Degree

Doctor of Philosophy (PhD)

Department

Physics & Astronomy

Document Type

Dissertation

Abstract

In order to efficiently put quantum technologies into action, we must know the characteristics of the underlying quantum systems and effects. An interesting example is the use of the secret-key-agreement capacity of a quantum channel as a guide and measure for the implementation of quantum key distribution (QKD) and distributed quantum computation. We define the communication task of establishing a secret key over a quantum channel subject to an energy constraint on the input state and while allowing for unlimited local operations and classical communication (LOCC) between a sender and receiver. We then use the energy-constrained squashed entanglement to bound the capacity of the channel for secret-key agreement, and we show that a thermal state input maximizes a relaxation of this bound for phase-insensitive, single-mode Gaussian channels. We also establish improved upper bounds on the energy-constrained secret-key-agreement capacity for a bosonic thermal channel that is not entanglement breaking. We then generalize our results to the multipartite setting and show that the energy-constrained multipartite squashed entanglement bounds the LOCC-assisted private capacity region for a quantum broadcast channel. Next, we define the broadcast amplitude damping channel. In the setting of QKD, we discuss a communication task using the broadcast amplitude damping channel and give bounds on its achievable rate region.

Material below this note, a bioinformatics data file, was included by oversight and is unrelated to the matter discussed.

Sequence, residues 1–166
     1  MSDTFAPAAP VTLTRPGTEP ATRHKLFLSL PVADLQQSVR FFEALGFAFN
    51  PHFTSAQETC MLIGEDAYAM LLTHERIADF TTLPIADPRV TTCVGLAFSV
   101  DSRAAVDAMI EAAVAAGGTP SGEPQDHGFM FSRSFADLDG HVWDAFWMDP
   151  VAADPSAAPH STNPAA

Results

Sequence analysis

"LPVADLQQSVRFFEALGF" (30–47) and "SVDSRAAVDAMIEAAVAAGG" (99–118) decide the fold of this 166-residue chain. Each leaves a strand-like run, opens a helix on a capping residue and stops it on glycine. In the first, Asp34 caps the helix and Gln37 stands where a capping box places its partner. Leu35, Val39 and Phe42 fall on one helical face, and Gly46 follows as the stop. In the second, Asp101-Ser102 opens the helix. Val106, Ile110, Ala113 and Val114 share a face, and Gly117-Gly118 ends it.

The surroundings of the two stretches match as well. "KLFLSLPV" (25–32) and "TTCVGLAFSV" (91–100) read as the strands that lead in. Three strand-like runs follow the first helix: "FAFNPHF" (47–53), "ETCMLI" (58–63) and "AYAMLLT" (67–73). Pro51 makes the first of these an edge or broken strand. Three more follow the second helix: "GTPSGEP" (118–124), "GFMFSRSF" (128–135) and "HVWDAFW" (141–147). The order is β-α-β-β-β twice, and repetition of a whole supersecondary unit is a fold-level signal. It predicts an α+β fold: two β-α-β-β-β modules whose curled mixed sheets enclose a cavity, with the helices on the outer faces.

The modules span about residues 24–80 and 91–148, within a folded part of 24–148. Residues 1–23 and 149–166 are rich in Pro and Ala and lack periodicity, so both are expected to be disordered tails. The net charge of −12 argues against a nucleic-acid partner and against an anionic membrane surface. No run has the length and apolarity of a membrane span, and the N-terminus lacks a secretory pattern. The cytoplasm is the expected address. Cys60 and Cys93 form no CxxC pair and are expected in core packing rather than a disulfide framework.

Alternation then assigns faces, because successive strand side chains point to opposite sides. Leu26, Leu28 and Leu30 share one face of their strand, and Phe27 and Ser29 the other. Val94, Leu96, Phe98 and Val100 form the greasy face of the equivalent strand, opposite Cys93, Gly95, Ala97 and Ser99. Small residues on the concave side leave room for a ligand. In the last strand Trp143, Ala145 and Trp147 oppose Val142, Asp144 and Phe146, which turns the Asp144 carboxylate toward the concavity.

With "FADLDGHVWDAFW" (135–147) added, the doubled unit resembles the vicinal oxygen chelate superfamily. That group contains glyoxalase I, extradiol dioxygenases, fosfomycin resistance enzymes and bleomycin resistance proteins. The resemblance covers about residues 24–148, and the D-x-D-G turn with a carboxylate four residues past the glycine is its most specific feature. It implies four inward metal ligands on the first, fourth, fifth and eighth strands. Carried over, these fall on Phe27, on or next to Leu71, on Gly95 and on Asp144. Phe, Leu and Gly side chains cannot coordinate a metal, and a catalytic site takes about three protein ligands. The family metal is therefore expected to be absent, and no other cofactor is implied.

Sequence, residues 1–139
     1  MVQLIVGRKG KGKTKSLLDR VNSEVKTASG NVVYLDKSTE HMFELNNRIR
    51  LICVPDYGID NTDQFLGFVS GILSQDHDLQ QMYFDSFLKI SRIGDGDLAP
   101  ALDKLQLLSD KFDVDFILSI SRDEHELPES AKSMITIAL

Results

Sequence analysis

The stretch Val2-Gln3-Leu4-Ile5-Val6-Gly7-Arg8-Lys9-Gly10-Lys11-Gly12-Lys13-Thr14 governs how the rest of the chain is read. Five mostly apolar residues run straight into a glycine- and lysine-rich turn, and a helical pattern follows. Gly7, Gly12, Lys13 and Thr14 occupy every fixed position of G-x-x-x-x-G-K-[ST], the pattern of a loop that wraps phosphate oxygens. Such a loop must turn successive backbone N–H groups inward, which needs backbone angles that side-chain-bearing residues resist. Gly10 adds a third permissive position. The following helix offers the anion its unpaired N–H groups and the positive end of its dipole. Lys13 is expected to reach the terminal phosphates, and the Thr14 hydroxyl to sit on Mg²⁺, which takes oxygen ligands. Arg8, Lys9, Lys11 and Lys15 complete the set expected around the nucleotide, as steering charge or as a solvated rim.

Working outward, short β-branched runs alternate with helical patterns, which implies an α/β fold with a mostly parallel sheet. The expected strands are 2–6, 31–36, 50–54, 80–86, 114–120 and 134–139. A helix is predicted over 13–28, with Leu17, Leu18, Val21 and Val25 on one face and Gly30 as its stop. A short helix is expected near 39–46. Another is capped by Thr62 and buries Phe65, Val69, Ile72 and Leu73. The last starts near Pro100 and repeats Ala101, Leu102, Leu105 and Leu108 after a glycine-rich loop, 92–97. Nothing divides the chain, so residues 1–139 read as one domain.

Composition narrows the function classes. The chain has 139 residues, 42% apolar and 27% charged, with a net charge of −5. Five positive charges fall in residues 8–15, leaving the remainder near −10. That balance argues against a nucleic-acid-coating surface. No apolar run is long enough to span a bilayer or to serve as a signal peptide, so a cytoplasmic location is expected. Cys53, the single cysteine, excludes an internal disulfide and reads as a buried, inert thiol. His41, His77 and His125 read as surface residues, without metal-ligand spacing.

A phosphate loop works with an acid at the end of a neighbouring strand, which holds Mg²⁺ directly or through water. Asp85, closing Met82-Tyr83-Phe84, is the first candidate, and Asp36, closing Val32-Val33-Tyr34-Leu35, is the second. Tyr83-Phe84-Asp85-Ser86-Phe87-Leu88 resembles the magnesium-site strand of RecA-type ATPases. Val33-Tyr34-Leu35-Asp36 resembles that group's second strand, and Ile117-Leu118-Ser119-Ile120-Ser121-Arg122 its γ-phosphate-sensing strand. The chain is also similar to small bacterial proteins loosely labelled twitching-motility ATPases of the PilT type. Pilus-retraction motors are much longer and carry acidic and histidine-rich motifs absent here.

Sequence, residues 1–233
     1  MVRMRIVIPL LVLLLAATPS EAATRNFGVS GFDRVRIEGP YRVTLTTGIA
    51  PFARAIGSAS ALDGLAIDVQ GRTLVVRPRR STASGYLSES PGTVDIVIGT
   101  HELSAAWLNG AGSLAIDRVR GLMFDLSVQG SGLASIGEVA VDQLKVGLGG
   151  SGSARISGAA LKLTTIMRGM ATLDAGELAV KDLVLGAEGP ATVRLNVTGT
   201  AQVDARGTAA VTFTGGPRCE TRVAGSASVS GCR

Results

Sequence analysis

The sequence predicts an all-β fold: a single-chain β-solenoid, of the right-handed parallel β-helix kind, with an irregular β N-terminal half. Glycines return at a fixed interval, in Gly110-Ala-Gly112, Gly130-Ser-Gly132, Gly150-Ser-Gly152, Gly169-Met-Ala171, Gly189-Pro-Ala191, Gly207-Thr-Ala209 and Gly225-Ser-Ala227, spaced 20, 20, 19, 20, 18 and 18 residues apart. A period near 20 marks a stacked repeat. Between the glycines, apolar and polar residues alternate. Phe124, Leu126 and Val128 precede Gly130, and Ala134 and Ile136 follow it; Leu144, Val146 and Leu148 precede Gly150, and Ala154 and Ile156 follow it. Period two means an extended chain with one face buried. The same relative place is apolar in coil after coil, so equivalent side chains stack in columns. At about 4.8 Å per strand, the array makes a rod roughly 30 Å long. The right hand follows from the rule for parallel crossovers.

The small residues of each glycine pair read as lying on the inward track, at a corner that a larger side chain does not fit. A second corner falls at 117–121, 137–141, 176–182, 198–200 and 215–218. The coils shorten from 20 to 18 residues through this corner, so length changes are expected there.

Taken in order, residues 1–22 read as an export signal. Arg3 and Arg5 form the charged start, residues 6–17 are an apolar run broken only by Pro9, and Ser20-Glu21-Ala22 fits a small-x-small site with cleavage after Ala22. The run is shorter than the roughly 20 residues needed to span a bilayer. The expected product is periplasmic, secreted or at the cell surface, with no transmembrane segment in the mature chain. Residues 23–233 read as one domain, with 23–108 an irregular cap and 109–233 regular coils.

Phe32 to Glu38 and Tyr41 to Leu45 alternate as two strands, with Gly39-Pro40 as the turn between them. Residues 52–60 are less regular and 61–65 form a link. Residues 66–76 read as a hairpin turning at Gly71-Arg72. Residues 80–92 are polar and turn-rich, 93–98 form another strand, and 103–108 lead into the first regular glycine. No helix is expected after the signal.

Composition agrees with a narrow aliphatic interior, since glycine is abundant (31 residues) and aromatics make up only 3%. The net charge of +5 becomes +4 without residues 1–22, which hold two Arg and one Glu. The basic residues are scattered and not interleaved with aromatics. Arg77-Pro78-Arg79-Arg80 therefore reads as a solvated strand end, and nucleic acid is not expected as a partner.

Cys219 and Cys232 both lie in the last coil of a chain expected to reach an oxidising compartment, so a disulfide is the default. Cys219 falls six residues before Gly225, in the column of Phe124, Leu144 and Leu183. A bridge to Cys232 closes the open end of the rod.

Date

4-5-2018

Committee Chair

Wilde, Mark

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